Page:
Flow simulations in channelized system with a conventional simulator: impact of grid designs

in: 2021 RING Meeting, ASGA

Abstract

Scale management during the evaluation of the petrophysical properties is vital for reservoir characterization and modeling. In channelized systems, these properties rely on the internal architecture of depositional elements. However, the reservoir modeling practice often starts by determining the grid resolution based on reservoir simulation constraints, implying ad hoc effective properties, which are not necessarily representative of the complex heterogeneity of the depositional environment. This study aims to investigate the impact of grid design that characterizes fluvial systems in reservoir models. For this purpose, surface-based models are integrated into reservoir models by generating fine-scale stratigraphic corner-point grids conformal to the geological boundaries. As a result, models preserve the primary sedimentological structures of fluvial systems: lateral accretion packages (sigmoidal in section view and crescent-shaped in map view), erosive channel base envelope, and the floodplain. Two series of flow simulations are performed by injecting water into a floodplain and into a point-bar structure and observing the differences in oil recovery profile between our generated corner-point grids and relevant rasterized Cartesian grids. We carry on a test with homogeneous petrophysical parameters to see the impact of cell geometries. Then, a test with heterogeneous petrophysical parameters associated with the geobodies is performed. This work opens avenues for (1) assessing, thanks to accurate metrics, how uncertainties in channel-based deposits propagate to the flow behavior for a given fluid type and production mechanism; (2) determining the properly petrophysical properties and geometrical parameters to effectively model heterogeneity in alluvial deposits.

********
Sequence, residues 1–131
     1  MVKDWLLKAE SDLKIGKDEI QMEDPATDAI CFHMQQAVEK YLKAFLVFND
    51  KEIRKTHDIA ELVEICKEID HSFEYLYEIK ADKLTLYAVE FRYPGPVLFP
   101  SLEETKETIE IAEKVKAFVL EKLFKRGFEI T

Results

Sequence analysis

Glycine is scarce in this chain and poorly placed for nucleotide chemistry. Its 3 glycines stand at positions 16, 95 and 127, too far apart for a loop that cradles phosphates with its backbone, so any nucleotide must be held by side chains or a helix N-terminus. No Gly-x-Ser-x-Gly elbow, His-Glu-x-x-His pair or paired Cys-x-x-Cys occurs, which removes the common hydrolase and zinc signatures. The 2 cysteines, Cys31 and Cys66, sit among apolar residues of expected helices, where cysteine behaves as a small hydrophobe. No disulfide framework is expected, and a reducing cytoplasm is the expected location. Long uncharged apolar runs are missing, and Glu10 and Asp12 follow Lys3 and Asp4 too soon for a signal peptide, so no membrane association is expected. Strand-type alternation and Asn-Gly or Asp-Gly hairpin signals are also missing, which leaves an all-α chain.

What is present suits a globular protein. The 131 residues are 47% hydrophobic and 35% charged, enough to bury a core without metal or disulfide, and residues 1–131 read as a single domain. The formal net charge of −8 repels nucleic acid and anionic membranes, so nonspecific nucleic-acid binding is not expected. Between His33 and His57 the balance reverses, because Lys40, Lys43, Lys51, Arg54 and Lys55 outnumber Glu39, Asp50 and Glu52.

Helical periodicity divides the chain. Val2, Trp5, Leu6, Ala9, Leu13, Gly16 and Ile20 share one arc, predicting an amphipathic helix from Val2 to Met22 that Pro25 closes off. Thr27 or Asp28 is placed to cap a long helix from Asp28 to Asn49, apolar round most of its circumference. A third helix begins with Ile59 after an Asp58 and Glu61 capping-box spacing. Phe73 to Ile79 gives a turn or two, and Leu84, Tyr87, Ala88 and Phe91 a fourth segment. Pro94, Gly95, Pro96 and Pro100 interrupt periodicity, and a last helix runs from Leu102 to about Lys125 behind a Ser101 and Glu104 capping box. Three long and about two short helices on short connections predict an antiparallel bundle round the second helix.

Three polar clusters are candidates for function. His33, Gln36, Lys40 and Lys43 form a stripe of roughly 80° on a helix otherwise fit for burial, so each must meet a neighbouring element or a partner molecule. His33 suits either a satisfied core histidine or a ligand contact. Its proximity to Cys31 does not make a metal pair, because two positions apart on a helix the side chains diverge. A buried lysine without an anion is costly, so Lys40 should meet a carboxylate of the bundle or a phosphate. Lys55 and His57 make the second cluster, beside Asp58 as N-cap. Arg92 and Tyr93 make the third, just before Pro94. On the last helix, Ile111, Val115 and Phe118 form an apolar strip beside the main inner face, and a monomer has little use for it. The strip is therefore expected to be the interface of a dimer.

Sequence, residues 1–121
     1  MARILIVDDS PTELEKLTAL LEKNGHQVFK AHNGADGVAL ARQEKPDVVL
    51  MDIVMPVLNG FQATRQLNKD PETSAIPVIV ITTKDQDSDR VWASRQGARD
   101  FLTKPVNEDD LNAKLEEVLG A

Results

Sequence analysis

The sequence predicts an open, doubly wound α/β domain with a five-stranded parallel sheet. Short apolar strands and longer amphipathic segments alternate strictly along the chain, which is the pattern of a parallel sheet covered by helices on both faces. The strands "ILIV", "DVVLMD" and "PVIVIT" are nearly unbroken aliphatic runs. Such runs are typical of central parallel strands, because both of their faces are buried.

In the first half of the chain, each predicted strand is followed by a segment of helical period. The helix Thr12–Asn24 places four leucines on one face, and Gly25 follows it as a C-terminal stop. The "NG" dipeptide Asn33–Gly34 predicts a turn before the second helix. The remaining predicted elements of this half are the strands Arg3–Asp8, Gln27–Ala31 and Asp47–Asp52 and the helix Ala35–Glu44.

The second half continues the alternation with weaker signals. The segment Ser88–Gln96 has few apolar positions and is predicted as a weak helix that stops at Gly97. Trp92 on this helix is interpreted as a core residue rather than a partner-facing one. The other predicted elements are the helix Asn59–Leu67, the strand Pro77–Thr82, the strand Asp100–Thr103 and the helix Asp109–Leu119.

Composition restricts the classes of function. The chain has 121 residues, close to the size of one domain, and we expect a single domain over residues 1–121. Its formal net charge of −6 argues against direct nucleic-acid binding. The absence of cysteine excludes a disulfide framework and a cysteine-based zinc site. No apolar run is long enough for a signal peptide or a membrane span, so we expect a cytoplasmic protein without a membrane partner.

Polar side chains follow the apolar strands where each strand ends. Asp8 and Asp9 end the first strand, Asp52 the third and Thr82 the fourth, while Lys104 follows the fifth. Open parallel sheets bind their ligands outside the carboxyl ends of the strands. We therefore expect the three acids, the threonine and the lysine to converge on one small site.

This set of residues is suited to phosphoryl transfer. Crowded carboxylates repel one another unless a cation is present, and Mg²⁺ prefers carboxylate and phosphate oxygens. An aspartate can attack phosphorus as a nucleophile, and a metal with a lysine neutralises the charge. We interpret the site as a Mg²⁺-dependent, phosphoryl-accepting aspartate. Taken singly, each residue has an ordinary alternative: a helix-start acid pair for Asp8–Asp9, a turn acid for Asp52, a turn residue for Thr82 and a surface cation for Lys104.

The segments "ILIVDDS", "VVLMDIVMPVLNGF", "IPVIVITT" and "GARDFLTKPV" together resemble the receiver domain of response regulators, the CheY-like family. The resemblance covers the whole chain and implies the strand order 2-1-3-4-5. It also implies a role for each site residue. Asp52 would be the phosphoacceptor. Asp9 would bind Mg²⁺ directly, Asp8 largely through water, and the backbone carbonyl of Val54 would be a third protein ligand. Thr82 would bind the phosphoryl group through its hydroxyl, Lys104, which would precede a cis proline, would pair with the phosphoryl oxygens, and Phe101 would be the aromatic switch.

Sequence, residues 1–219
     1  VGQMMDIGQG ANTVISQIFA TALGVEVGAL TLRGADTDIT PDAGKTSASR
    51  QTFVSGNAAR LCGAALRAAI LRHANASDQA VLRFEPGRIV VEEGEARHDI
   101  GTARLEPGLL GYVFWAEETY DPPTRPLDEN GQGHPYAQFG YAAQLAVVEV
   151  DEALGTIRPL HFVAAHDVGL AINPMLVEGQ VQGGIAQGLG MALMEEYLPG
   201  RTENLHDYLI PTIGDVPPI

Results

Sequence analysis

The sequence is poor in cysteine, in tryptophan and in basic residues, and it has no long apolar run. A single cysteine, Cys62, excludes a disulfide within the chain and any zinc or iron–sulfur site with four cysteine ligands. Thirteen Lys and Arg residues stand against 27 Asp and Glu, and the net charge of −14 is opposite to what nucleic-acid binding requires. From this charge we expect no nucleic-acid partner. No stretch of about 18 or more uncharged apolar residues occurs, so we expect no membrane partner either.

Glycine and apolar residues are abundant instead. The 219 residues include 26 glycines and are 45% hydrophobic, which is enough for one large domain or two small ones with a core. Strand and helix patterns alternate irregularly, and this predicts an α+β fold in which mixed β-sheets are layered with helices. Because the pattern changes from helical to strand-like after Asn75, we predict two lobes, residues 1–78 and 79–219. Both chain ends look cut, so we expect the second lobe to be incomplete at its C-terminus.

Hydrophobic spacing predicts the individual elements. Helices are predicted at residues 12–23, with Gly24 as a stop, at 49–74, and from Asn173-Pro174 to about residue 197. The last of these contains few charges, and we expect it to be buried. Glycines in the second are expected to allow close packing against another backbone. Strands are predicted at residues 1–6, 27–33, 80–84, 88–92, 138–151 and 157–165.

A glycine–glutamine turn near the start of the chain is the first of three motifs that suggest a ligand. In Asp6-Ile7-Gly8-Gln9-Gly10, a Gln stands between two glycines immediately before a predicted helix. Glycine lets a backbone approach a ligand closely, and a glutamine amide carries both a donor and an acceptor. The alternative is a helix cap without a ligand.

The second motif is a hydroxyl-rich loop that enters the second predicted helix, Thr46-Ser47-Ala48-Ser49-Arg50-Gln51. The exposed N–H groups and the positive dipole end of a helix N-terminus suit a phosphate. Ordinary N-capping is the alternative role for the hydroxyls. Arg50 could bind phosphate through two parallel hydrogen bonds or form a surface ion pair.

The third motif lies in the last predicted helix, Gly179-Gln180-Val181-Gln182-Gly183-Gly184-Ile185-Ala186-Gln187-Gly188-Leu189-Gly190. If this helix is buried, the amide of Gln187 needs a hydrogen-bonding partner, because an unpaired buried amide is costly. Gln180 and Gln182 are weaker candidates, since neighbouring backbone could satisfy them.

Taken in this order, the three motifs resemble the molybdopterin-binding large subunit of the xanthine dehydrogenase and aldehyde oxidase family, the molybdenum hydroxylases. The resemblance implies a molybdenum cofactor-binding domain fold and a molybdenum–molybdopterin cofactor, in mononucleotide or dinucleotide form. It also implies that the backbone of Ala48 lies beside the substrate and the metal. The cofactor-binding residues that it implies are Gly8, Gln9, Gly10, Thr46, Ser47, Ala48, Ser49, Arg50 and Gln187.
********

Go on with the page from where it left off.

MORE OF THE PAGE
Download / Links

BibTeX Reference

@INPROCEEDINGS{SCARPA_RM2021,
    author = { Scarpa, Enrico and Collon, Pauline and Caumon, Guillaume },
     title = { Flow simulations in channelized system with a conventional simulator: impact of grid designs },
 booktitle = { 2021 RING Meeting },
      year = { 2021 },
 publisher = { ASGA },
  abstract = { Scale management during the evaluation of the petrophysical properties is vital for reservoir characterization and modeling. In channelized systems, these properties rely on the internal architecture of depositional elements. However, the reservoir modeling practice often starts by determining the grid resolution based on reservoir simulation constraints, implying ad hoc effective properties, which are not necessarily representative of the complex heterogeneity of the depositional environment. This study aims to investigate the impact of grid design that characterizes fluvial systems in reservoir models. For this purpose, surface-based models are integrated into reservoir models by generating fine-scale stratigraphic corner-point grids conformal to the geological boundaries. As a result, models preserve the primary sedimentological structures of fluvial systems: lateral accretion packages (sigmoidal in section view and crescent-shaped in map view), erosive channel base envelope, and the floodplain. Two series of flow simulations are performed by injecting water into a floodplain and into a point-bar structure and observing the differences in oil recovery profile between our generated corner-point grids and relevant rasterized Cartesian grids. We carry on a test with homogeneous petrophysical parameters to see the impact of cell geometries. Then, a test with heterogeneous petrophysical parameters associated with the geobodies is performed. This work opens avenues for (1) assessing, thanks to accurate metrics, how uncertainties in channel-based deposits propagate to the flow behavior for a given fluid type and production mechanism; (2) determining the properly petrophysical properties and geometrical parameters to effectively model heterogeneity in alluvial deposits. }
}